The third reversal practically at line R implies that the shallower gradient of the new bull channel is more appropriate than the earlier steeper channel. There is much talk of the volume of dollars being printed that is to trigger increased dollar weakness in due course. Should the euro hold above line R and manage to break into channel BC and hold, this would warn of further dollar weakness to come.

DJIA daily close

DJIA. last = 34433.84 (

While the DJIA is still struggling to reach a new all time high, the S&P500 and the Nasdaq set new all-time highs on Friday. This means the attention of investors and speculators has drifted away from the Dow 30 to hunt for better prospects among the second tier and technical stocks.

Long term technical indications are that the S&P500 on Friday hit a major resistance level. If the DJIA fails this week to challenge the near triple top that is in place and the S&P500 reverses lower, the timing might be right for the long anticipated bear market to begin. Should Wall Street really begin a bear trend, the liquidity that will be released when selling of stocks increases, ought to seek a home in the cryptos and in gold and silver – perhaps not from week 1, but not too long after the Bear finally has taken over.

Gold London PM fix – Dollars

During early June, after having protected their profit in the June options and futures, the Cartel relieved pressure on the price of gold, rather surprisingly allowing it to close in on the $1900 level. Then, as if realising their mistake, the price was attacked again to take it back down to support at line W, top of the very steep megaphone VW.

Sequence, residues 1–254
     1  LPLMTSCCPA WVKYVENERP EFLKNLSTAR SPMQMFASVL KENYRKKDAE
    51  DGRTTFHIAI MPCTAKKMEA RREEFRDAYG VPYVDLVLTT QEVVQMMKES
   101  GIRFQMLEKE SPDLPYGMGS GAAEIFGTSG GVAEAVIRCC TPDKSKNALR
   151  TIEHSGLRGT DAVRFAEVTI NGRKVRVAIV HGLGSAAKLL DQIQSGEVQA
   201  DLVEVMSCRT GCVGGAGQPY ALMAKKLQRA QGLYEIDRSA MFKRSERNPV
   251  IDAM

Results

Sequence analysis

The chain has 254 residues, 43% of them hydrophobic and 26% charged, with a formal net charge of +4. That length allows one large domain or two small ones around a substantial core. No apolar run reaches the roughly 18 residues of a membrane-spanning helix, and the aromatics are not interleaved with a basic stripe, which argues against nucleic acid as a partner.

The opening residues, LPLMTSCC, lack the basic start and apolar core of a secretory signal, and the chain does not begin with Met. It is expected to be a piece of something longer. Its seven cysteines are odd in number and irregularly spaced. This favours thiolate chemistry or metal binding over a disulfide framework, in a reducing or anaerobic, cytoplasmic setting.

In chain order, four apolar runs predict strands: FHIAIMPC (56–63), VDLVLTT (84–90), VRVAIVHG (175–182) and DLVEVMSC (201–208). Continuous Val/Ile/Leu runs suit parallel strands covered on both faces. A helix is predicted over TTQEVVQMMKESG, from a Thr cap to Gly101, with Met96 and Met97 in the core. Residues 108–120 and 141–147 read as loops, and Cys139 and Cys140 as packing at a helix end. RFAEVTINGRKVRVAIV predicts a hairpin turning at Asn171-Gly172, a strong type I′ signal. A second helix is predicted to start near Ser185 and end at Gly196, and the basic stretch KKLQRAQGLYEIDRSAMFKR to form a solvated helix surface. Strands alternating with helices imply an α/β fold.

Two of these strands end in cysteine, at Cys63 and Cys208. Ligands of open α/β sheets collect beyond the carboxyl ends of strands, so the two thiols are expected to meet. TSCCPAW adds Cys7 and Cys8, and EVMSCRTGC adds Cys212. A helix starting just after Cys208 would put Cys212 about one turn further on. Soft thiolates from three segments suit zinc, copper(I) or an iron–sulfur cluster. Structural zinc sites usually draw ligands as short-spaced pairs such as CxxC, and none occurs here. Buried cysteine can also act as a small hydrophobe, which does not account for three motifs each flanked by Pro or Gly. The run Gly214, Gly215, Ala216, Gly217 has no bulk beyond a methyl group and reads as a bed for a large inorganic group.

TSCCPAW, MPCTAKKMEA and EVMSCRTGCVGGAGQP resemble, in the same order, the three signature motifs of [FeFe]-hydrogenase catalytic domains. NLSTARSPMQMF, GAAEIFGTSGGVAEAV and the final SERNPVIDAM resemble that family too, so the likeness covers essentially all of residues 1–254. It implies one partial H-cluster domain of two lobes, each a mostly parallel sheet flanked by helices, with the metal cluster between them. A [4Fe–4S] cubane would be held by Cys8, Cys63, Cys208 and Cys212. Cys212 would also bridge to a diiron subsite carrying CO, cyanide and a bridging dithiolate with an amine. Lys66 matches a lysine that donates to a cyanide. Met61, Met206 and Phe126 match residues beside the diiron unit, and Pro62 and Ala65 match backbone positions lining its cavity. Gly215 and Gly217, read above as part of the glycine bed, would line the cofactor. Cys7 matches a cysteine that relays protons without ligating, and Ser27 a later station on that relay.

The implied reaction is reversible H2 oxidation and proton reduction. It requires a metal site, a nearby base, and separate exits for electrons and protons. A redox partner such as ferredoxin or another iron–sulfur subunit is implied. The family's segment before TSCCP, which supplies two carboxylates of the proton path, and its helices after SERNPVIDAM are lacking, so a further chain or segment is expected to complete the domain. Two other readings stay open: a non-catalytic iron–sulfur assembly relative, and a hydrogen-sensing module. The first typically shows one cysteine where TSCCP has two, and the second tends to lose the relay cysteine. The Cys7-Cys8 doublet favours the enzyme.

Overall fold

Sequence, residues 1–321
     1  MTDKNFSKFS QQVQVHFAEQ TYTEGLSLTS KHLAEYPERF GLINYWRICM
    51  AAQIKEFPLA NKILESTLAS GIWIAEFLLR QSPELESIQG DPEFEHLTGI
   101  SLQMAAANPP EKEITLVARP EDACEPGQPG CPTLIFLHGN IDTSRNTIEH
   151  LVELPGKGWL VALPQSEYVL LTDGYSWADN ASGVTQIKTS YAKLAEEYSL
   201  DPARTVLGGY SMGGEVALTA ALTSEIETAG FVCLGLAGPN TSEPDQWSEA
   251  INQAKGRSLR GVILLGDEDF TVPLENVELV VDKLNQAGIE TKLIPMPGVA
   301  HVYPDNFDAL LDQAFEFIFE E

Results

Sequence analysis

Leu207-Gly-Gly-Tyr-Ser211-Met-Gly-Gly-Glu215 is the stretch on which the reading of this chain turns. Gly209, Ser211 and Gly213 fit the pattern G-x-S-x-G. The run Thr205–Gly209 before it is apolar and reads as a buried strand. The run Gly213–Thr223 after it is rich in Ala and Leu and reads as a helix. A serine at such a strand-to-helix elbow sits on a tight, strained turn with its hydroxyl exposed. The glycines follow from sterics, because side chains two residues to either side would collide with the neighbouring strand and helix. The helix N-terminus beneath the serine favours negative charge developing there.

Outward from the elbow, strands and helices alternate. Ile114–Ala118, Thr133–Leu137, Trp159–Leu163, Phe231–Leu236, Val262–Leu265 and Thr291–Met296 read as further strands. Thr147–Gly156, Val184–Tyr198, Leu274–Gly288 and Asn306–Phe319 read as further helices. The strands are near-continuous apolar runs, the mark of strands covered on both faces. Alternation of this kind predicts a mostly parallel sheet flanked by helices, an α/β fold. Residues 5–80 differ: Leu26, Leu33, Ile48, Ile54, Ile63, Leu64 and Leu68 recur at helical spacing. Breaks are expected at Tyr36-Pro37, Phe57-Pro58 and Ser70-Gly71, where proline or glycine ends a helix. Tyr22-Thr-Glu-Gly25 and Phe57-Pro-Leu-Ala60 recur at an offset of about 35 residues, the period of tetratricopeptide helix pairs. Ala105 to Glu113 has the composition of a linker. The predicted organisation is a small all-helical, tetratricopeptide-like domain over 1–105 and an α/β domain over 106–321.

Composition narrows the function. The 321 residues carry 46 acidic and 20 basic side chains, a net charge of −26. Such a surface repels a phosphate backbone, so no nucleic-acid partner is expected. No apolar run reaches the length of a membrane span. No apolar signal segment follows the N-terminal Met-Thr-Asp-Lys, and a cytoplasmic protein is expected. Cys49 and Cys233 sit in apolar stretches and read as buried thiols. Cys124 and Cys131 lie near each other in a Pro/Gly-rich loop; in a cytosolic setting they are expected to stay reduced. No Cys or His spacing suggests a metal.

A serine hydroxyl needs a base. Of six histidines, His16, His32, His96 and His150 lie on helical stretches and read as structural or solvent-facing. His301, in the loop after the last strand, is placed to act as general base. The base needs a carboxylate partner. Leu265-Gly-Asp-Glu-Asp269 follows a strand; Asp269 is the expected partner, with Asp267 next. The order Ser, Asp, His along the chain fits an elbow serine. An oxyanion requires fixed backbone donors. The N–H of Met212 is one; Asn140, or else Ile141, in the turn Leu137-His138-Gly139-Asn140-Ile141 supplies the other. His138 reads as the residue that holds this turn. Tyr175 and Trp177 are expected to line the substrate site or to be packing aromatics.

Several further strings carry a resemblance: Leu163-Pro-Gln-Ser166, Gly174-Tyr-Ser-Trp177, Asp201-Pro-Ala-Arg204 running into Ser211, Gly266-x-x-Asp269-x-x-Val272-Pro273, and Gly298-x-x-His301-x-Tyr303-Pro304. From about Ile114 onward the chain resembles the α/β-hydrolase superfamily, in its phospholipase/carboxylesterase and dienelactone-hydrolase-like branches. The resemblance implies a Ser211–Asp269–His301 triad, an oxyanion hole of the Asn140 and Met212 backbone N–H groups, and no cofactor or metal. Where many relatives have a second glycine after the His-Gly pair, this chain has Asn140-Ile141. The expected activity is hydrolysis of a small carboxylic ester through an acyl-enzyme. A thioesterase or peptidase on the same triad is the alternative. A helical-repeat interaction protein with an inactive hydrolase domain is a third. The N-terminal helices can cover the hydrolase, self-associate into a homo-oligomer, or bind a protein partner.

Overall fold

The price is still holding in bull channel RS, with the key resistance now again at line Z after having failed to hold the recent break higher. The outlook remains bullish while holding in channel RS and above line W, but the analysis fails to anticipate a recovery soon. At the moment there is too much scope for a sideways move in channel RS.

Gold price – London PM fix, last = $1786.65 (

Euro–gold PM fix

The recent euro weakness was not enough to overcome the weakness in the price of gold to result in an improving euro price of gold – at least not until the euro price held at the line F to barely hold at the new support last week. The euro itself rebounded off support, as shown earlier. If that bounce is due to continue this week, the dollar price of gold now has to improve with a rebound off line W in order to hold the euro price above its support at line F.

If the current support is to hold for the euro and the euro price of gold, the implication is that while the euro is to be steady to firm against a weaker dollar, the price of gold has to improve its intrinsic value by more than only a mild response to a weak dollar. The futures July expiration will soon be over and perhaps that will enable gold to rally a little on its own strength as the week progresses until NFP day, and perhaps later.